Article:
Dec 6, 2022 - News

How Denver will use hotels to house the unhoused

A hotel used by the Colorado Coalition for the Homeless to shelter people at high risk for COVID on Sept. 2, 2021 in Denver. Photo: RJ Sangosti/MediaNews Group/The Denver Post via Getty Images

After sheltering people experiencing homelessness in hotels at the height of the pandemic, Denver wants to build on the idea to provide more permanent housing options.

Driving the news: The city will use $20 million from $154 million in American Rescue Plan Act money approved by the Denver City Council last week to buy hotels for housing and sheltering purposes.

  • The city also received a $2 million grant from the U.S. Department of Housing and Urban Development to buy the Stay Inn in the Central Park neighborhood.
  • Denver's chief housing officer Britta Fisher tells Axios other properties like apartment buildings could be considered for the same use.

Why it matters: Using what it learned from rooms made available for unhoused people who were vulnerable to COVID-19, the city intends to provide a similar resource for a greater number of people in need.

  • At least 505 individuals who, since the program's 2020 start, stayed in these units — called protective action rooms — were able to gain permanent housing, Fisher said.
  • Overall, 4,794 people have stayed in protective action rooms and rooms made available to those recovering from COVID-19, HOST spokesperson Derek Woodbury tells Axios.

State of play: The city recently spent nearly $6 million to help run hotels for sheltering.

  • A $5 million contract with the Colorado Coalition for the Homeless was approved in September for the agency's purchase of the former La Quinta Inn at 3500 Park Ave. West, with a long-term goal of turning the site into 200 units of supportive housing.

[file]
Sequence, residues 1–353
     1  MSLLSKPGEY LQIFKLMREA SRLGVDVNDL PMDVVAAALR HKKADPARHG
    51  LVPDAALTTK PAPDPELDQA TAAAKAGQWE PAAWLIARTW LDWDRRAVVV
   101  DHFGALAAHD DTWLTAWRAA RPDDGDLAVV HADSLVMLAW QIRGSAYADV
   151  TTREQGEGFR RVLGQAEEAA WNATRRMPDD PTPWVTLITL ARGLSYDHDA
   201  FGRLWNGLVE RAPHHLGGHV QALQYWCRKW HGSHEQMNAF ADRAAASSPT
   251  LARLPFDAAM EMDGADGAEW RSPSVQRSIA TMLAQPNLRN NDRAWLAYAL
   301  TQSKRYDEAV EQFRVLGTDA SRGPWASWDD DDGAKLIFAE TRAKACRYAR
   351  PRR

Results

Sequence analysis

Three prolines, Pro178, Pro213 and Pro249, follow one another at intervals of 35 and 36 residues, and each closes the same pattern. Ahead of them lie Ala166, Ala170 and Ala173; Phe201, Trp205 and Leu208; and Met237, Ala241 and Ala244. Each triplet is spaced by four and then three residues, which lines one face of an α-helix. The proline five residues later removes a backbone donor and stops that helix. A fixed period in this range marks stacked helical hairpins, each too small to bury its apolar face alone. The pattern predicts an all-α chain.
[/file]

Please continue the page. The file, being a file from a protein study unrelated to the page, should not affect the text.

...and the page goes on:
• The nonprofit Fax Partnership this fall purchased two neighboring motels on East Colfax, and plans to initially use them for temporary shelter before demolishing the structures to build affordable housing. Using ARPA money, the city is chipping in $983,456 to help The Fax run the temporary space.

What they're saying: "People are very grateful for the space, very glad to have their own room, very glad to have the ability to come and go as needed," Terese Howard, of the Housekeys Action Network Denver, tells Axios Denver about what she's heard from people who've stayed at hotels.

Reality check: The program still has work to do to help those it's serving, according to some people who have stayed in the rooms.

  • Howard said most residents at the Quality Inn surveyed by the network said they were unhappy with the case management to help find permanent housing.

Meanwhile, those who stayed at the Quality Inn at 2601 Zuni St. felt blindsided after the Colorado Coalition for the Homeless, contracted by the city to run the hotel, sent a notice telling residents they needed to leave by Sept. 16 after its lease expire

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